The other thing is to consider the implications otherwise. Like, what would our society look like if talking to someone in public was considered harassment? How would that even work? A: it wouldn’t. Indeed, that’s a dark dystopian future I want no part of.
A final point on the logistics: the truth today is that if you don’t want to go out in public, you don’t have to. Order take out. Watch Netflix at home instead of going to the movies. Work from home. Do SOD. Whatever. And if you do have to go out in public, but don’t want to talk to anyone, wear dark concealing clothes, a hat, and big sunglasses and don’t make eye contact with anyone. But please accept the fact that if we go out in public, people might talk to us, and the more attractive you are the more likely that is–and that’s true for me as a guy too.
The good news is that in the right context—and with some game—most women don’t mind having a guy approach. Far more women have complained to me that too few men do this than too many. That may not mean she wants to go out with him or is going to give him her number, but at the very least it’s flattering. Like, most of the women I’ve chatted up who do genuinely have boyfriends or husbands (can I just say, if you’re married, wear a ring—kind of the universal signal, right?) or just aren’t interested have thanked me after politely rejecting my advances.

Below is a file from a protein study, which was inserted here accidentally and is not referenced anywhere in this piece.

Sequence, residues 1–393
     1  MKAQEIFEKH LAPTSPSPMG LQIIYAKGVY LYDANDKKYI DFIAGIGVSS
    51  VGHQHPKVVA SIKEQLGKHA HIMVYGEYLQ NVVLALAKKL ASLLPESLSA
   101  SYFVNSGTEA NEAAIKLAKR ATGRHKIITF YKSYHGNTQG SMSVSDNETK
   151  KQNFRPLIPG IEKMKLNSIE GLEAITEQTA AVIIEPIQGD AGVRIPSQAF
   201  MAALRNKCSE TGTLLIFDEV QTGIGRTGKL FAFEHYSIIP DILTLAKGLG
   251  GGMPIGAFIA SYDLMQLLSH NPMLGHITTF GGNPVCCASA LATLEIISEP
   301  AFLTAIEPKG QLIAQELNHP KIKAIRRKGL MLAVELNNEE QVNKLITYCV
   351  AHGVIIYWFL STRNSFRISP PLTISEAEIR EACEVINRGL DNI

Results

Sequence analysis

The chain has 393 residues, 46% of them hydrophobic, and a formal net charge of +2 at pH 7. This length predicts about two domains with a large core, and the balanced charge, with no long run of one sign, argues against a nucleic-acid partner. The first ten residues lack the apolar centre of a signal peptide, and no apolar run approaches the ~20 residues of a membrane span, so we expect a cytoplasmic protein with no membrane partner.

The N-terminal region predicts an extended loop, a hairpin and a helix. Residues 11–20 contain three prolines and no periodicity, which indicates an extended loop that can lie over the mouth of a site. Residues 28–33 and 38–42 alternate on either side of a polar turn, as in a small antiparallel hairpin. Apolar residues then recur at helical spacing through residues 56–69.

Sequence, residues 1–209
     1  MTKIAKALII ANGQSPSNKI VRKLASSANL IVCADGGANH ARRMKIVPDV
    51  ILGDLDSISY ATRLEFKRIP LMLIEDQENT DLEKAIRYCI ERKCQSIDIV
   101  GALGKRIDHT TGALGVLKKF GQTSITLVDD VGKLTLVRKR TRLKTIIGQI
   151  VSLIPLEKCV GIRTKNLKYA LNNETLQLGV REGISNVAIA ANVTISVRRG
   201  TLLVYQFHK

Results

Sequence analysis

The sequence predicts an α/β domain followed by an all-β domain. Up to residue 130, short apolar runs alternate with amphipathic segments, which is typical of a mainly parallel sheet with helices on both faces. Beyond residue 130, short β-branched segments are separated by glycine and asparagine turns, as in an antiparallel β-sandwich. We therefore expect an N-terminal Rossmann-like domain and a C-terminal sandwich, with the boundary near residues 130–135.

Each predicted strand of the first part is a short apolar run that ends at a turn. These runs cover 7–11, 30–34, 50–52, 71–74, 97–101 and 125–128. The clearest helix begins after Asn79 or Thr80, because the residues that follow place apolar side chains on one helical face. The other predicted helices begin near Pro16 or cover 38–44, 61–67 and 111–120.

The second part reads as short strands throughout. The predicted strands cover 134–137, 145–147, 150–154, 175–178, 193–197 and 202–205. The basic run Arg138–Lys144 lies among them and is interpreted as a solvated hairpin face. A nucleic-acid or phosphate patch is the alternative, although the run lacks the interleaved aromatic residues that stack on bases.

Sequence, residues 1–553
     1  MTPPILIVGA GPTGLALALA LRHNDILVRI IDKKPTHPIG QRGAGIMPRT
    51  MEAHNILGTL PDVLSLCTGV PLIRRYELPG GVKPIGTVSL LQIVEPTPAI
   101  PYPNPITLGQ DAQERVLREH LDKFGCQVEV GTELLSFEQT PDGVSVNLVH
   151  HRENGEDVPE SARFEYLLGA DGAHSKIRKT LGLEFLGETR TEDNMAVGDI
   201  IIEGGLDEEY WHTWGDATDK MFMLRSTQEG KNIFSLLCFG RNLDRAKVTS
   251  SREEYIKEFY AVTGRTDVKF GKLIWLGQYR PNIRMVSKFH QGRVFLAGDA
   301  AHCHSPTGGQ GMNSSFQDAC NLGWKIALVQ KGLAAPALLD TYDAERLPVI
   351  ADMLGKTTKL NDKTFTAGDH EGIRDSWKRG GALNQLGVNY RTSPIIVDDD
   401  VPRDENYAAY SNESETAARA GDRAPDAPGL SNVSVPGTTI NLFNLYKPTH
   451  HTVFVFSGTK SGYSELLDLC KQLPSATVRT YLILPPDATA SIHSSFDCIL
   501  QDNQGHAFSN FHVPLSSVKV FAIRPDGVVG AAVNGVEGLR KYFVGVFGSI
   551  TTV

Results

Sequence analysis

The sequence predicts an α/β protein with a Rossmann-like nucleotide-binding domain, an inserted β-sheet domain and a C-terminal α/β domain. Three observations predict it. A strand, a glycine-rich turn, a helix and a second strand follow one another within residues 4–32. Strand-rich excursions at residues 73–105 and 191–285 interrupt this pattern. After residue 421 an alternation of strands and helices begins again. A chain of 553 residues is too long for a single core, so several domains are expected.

Again, the right context is key: I don’t hit on women at the gym or who are working or who just clearly don’t look like they want someone to talk to them; nine times out of ten you get a pretty good sense of how receptive a person is going to be to conversation well before it starts. The other thing is that in most cases when a guy is going to be approaching women, most of them dressed up and/or went out specifically hoping that would happen; or at least wanted to look good enough that it might.